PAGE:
Chalupny played in one match off the bench in Canada, coming on for the final 10 minutes against Colombia in the Round of 16.
Among the highlights Chalupny experienced during her second stint with the National Team were scoring in her hometown of St. Louis on April 4 of this year in front of a then-record crowd of 35,817 as the USA defeated New Zealand, 4-0. She also came off the bench to spark a 5-1 U.S. victory against Mexico on May 17 with a goal just seconds after entering the match at halftime.
Chalupny grew up in St. Louis and from an early age was a part of the USA’s Youth National Teams. She was a starter and unsung hero on the U.S. team that won the inaugural FIFA U-19 Women’s World Cup in 2002 when she played alongside future U.S. Women’s National Team players Heather O’Reilly, Lindsay Tarpley, Ashlyn Harris, Rachel Van Hollebeke and Leslie Osborne, among others. She attended the University of North Carolina where she won one NCAA title. In 2005, she was voted the U.S. Soccer Young Female Athlete of the Year.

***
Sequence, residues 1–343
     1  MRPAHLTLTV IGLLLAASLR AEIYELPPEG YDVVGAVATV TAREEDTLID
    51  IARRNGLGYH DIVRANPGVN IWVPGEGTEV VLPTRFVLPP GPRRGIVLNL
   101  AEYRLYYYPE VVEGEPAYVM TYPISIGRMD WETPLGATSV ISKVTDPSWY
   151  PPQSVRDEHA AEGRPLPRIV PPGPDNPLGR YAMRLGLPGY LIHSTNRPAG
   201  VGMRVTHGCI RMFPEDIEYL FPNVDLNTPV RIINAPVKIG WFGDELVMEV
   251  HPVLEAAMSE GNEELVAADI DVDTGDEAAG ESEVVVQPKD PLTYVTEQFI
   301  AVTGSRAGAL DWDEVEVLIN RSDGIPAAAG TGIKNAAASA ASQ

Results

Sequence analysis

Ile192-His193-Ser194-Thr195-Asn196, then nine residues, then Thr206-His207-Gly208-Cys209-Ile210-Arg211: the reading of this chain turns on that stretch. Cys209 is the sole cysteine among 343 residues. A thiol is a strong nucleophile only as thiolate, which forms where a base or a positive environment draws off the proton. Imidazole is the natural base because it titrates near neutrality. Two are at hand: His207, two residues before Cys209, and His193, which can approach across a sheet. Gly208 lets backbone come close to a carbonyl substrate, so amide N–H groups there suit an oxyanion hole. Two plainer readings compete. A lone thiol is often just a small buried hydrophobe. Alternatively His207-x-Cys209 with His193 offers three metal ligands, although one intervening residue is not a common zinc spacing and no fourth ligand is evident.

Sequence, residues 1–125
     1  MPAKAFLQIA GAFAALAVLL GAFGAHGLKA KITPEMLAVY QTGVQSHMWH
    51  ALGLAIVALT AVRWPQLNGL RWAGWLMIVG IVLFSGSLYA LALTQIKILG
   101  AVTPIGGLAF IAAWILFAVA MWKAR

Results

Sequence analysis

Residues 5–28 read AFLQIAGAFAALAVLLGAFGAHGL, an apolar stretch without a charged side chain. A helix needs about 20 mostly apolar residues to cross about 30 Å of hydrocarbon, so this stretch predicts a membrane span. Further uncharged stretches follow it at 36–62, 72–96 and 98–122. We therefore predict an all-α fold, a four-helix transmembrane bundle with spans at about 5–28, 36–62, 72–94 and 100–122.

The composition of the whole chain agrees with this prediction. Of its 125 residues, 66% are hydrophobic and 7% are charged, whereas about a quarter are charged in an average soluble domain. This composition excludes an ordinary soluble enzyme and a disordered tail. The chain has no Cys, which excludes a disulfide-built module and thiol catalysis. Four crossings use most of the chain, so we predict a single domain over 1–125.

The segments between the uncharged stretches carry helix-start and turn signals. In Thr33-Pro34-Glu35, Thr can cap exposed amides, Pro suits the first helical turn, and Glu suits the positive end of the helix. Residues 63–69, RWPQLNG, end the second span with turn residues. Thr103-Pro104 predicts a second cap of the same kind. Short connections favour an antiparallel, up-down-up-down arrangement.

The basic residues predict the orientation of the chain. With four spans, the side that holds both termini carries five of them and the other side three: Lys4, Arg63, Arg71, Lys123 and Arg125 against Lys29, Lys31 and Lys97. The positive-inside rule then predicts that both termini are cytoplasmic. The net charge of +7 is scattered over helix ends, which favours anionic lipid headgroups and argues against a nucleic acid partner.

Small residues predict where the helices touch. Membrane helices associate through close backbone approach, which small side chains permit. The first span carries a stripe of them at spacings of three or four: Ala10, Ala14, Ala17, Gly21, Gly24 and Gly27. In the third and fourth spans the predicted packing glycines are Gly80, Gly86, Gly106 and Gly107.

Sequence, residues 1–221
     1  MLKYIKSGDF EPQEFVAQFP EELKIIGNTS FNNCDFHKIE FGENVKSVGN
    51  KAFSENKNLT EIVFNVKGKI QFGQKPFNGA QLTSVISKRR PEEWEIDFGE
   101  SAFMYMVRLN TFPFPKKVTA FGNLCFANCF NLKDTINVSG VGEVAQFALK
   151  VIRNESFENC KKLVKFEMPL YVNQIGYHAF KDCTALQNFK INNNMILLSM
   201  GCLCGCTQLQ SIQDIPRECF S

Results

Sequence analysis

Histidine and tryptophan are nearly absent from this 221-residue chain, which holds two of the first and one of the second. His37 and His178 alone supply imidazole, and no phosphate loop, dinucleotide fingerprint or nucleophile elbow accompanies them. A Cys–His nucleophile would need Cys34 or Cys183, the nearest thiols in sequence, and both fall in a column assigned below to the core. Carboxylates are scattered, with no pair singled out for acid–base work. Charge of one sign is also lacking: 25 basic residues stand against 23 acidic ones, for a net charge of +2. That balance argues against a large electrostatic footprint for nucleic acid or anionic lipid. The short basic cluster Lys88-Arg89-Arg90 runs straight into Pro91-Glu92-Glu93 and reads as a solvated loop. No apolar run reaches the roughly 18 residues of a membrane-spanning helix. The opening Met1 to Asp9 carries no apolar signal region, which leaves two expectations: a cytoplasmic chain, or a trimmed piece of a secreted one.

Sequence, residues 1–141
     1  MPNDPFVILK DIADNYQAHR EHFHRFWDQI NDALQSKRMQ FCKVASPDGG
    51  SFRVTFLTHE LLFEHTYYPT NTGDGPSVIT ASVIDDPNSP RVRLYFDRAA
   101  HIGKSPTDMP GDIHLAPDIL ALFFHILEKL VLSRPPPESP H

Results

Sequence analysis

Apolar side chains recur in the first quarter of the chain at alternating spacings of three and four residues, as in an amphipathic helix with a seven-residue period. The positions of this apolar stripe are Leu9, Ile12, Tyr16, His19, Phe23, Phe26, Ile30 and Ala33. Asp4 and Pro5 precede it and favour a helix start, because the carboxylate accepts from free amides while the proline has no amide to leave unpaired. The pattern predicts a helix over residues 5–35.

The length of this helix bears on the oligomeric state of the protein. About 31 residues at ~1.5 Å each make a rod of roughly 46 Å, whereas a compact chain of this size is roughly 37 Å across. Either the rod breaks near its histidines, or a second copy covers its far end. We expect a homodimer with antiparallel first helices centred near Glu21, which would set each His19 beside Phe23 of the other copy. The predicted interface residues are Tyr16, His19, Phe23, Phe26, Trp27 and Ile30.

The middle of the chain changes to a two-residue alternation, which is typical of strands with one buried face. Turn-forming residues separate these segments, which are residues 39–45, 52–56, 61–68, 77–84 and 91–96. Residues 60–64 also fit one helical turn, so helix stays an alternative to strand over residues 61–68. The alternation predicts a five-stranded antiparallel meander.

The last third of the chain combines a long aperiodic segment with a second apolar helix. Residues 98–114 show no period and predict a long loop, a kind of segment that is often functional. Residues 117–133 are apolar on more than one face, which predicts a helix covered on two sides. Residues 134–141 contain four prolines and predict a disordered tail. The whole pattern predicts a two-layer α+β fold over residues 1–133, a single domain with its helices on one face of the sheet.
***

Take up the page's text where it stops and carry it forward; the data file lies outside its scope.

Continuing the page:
Chalupny played in the WPS in 2009 with her hometown St. Louis Athletica and also played in the league for the Atlanta Beat. In 2012, she played for the Chicago Red Stars in the WPSL, and briefly in Sweden, and has played the last three seasons for the Red Stars in the NWSL.
“I have so many great memories from my career and all the teams I’ve played with and the teammates I’ve been fortunate enough to play alongside,” said Chalupny. “Now, I am looking forward to the next chapter of my life. I know I will still be heavily involved in the game and look forward to sharing my passion with young players in whatever environment I find myself in.”